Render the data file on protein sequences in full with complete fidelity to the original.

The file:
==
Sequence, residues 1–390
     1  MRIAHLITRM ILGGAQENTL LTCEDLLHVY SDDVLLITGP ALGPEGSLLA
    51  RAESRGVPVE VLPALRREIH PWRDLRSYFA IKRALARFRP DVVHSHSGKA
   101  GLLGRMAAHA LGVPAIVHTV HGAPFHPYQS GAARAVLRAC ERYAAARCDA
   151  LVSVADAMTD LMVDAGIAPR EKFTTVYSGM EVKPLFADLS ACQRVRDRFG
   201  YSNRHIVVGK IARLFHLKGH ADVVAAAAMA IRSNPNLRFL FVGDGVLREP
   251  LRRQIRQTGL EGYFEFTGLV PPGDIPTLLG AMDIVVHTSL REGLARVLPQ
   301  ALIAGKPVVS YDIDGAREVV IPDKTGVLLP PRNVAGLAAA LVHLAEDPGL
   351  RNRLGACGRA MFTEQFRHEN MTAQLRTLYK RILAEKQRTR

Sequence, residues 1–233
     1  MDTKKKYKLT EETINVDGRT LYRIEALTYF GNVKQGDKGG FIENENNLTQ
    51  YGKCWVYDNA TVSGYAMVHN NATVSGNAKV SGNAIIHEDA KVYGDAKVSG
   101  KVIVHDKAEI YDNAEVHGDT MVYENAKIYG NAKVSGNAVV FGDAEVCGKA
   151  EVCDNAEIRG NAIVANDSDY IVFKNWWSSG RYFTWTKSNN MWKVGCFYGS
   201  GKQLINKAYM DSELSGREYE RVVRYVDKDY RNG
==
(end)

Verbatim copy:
Sequence, residues 1–390
     1  MRIAHLITRM ILGGAQENTL LTCEDLLHVY SDDVLLITGP ALGPEGSLLA
    51  RAESRGVPVE VLPALRREIH PWRDLRSYFA IKRALARFRP DVVHSHSGKA
   101  GLLGRMAAHA LGVPAIVHTV HGAPFHPYQS GAARAVLRAC ERYAAARCDA
   151  LVSVADAMTD LMVDAGIAPR EKFTTVYSGM EVKPLFADLS ACQRVRDRFG
   201  YSNRHIVVGK IARLFHLKGH ADVVAAAAMA IRSNPNLRFL FVGDGVLREP
   251  LRRQIRQTGL EGYFEFTGLV PPGDIPTLLG AMDIVVHTSL REGLARVLPQ
   301  ALIAGKPVVS YDIDGAREVV IPDKTGVLLP PRNVAGLAAA LVHLAEDPGL
   351  RNRLGACGRA MFTEQFRHEN MTAQLRTLYK RILAEKQRTR

Sequence, residues 1–233
     1  MDTKKKYKLT EETINVDGRT LYRIEALTYF GNVKQGDKGG FIENENNLTQ
    51  YGKCWVYDNA TVSGYAMVHN NATVSGNAKV SGNAIIHEDA KVYGDAKVSG
   101  KVIVHDKAEI YDNAEVHGDT MVYENAKIYG NAKVSGNAVV FGDAEVCGKA
   151  EVCDNAEIRG NAIVANDSDY IVFKNWWSSG RYFTWTKSNN MWKVGCFYGS
   201  GKQLINKAYM DSELSGREYE RVVRYVDKDY RNG